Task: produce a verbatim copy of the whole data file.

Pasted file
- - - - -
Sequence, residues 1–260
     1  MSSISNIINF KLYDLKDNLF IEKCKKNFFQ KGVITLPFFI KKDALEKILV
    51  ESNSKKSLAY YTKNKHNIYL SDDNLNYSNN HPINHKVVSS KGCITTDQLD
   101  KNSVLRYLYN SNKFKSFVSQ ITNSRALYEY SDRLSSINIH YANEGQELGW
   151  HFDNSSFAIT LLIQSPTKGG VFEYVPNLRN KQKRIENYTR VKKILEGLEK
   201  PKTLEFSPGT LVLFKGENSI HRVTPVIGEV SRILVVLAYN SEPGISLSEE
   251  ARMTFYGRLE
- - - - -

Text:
Sequence, residues 1–260
     1  MSSISNIINF KLYDLKDNLF IEKCKKNFFQ KGVITLPFFI KKDALEKILV
    51  ESNSKKSLAY YTKNKHNIYL SDDNLNYSNN HPINHKVVSS KGCITTDQLD
   101  KNSVLRYLYN SNKFKSFVSQ ITNSRALYEY SDRLSSINIH YANEGQELGW
   151  HFDNSSFAIT LLIQSPTKGG VFEYVPNLRN KQKRIENYTR VKKILEGLEK
   201  PKTLEFSPGT LVLFKGENSI HRVTPVIGEV SRILVVLAYN SEPGISLSEE
   251  ARMTFYGRLE